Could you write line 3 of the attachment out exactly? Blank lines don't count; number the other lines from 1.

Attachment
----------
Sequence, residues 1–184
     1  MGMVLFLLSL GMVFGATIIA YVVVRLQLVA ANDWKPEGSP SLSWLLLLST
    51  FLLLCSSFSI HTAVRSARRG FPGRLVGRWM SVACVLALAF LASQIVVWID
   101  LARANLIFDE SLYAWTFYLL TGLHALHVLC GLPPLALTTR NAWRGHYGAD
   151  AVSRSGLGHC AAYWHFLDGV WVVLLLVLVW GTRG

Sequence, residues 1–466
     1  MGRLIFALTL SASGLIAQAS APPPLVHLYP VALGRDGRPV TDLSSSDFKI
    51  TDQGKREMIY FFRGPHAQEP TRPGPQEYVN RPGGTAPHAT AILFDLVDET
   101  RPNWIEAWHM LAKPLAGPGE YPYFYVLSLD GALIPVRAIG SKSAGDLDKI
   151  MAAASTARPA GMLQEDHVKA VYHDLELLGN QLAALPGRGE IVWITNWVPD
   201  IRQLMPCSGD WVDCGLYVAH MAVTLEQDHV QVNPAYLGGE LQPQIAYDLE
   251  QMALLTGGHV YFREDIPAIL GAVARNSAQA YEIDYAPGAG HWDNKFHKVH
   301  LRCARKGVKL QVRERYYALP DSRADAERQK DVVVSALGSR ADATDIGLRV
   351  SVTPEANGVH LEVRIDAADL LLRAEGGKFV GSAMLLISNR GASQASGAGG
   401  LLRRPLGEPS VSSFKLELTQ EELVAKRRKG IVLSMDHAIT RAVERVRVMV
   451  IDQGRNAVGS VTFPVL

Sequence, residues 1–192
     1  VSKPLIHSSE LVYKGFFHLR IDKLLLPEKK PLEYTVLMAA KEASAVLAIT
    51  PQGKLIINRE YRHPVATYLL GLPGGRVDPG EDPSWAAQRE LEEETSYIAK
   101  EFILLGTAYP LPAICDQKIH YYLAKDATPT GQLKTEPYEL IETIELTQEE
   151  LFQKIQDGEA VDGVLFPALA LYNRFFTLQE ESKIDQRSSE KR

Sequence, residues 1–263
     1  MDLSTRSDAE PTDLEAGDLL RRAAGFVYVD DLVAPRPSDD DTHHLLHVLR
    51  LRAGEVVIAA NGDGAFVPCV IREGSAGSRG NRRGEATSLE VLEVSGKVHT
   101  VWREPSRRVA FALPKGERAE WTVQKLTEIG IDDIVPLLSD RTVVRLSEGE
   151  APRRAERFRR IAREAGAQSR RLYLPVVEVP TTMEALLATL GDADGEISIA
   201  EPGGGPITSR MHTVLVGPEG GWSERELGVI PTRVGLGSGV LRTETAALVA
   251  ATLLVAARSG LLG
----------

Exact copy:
    51  FLLLCSSFSI HTAVRSARRG FPGRLVGRWM SVACVLALAF LASQIVVWID